The link above the image will take you to my Blogger page on Creative Machine Knitting, which I will soon be migrating to WordPress. That is once I have mastered WordPress beyond the basics, and finished writing my latest knitting book, and completed a research project into interactive textiles to mediate understanding of Scabies – so follow the link as it might be a long wait!
Meanwhile, do check out my new book, Translating between Hand and Machine Knitting, which is to be published by Crowood Press in summer 2018. A lavishly illustrated book with clear step-by-step instructions on knitting techniques, stitch structures and fabric constructions.
Unlike many other knitting books, this one explains why knit stitches behave in certain ways, and how to achieve effects using combinations of stitches. It will enable the reader to take control of their knitting and create exactly what they want in both knitted textiles, and garment shapes. Main blog posting
It will take pride of place on any knitter’s book shelf, sitting next to The Knitting Book and Knit Step-by-Step. Empower yourself today by pre-ordering your copy. Preorder on Amazon
Writing another book always brings on a sense of insecurity, so I spent a little time this morning browsing reviews of The Knitting Book and Knit Step by Step. On Amazon they are still scoring high, and independent reviewers have generously reviewed the books on their blogs since they were first published. It warmed my heart and stiffened my resolve to read them, so I am sharing a few of my favourites with you here:
‘Love this book! The best book I’ve found for both beginners and those who are experienced knitters wanting to learn something new.’
‘I love this book, really clear instructions and easy to see photos. I’ve bought so many how to knit books but they were all a big waste of time. This has to be the best one. If you are a beginner or intermediate knitter then I would recommend this book to you.’
‘A MUST BUY!’
‘Just over the moon with this book and the information that is within its pages. Its just full of easy to follow instructions and help’.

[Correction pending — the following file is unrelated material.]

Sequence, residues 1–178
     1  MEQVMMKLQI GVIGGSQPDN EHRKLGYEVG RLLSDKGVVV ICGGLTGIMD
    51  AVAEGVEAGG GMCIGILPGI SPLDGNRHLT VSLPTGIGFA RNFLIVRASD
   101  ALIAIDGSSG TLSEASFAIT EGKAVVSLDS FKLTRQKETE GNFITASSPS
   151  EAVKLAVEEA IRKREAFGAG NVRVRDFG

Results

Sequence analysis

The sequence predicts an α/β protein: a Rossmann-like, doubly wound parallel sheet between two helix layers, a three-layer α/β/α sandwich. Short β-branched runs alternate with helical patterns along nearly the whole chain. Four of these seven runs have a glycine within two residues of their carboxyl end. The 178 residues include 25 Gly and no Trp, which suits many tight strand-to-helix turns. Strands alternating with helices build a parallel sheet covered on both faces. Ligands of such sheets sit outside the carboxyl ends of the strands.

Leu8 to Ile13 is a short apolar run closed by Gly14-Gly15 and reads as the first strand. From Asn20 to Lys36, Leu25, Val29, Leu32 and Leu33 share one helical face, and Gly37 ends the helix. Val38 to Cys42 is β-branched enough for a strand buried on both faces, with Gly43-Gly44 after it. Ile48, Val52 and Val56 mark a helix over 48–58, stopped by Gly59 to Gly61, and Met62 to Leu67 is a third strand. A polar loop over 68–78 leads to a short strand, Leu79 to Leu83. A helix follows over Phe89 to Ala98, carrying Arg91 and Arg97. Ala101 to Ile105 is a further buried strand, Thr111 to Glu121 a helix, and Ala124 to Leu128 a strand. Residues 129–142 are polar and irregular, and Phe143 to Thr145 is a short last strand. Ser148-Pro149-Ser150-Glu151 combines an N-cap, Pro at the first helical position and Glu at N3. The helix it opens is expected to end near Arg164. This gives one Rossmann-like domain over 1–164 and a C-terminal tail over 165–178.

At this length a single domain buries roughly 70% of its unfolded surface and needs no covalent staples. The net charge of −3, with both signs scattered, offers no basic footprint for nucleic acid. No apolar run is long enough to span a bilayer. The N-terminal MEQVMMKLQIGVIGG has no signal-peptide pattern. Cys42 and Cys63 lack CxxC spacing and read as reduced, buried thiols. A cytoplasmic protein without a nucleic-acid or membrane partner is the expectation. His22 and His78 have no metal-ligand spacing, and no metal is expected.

‘This book was exceptional and I wouldn’t hesitate to recommend. The wording and the diagrams were really easy to follow. ‘
‘This book is a brilliant book to have on the shelf the techniques are easy to follow. Recently having taken knitting back up after a gap it’s been useful to refresh old techniques along with new ones. This book does have a few patterns and block designs which are useful. Would recommend to new and old knitters it is very useful and always by my chair’.
and the review by Karie Westermann, that really reaches to warm the cockles of my heart, (and massages my ego terribly, but once in a while, why not?),
‘I am very, very glad to have this as part of my library. It is going right in next to Montse Stanley & I am going to use this for many years to come.’
Montse Stanley, as you will no doubt know, has writen some of the seminal books on knitting. She was, and still is, my knitting hero. So you can see why I am so thrilled with this comment. Its like a hug.
Here is a link to Karie’s blog which is excellent, do visit.
Thank you, and thank you again to all those considerate and erudite knitters who took the time to review the books and share their thoughts. Yes there are some less positive comments, and no I am not going to include them here, because this post is me bolstering myself to get on with the new one, but I have learned from them!
I would like to apologise for any mistakes that readers may have found in the patterns, (I know there were some), and hope that the errata on this blog and the Dorling Kindersley website will answer any queries.